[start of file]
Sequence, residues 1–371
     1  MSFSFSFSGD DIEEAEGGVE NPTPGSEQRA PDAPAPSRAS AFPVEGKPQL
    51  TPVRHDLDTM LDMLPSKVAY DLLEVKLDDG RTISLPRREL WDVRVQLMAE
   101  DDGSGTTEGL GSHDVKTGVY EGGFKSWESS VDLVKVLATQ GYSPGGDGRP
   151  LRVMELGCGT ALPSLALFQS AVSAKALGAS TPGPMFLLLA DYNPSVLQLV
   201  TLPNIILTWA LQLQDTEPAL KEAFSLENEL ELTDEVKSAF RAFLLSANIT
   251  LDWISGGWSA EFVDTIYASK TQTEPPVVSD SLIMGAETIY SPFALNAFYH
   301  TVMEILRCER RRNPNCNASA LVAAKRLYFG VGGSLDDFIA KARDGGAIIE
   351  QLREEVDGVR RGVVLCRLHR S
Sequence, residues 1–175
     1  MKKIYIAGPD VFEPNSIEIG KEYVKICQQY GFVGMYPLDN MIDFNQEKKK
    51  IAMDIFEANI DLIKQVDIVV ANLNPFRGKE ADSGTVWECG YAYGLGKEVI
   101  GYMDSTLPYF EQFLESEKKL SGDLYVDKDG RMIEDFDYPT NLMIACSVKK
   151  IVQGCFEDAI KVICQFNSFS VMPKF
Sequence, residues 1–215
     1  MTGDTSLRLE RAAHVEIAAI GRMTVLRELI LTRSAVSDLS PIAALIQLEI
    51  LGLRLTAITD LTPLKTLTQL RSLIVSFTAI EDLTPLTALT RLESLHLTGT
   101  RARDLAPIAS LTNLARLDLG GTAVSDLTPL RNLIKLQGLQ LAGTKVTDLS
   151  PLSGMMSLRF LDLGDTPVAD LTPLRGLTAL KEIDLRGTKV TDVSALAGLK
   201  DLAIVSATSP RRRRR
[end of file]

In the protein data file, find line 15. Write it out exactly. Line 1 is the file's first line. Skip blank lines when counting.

Sequence, residues 1–215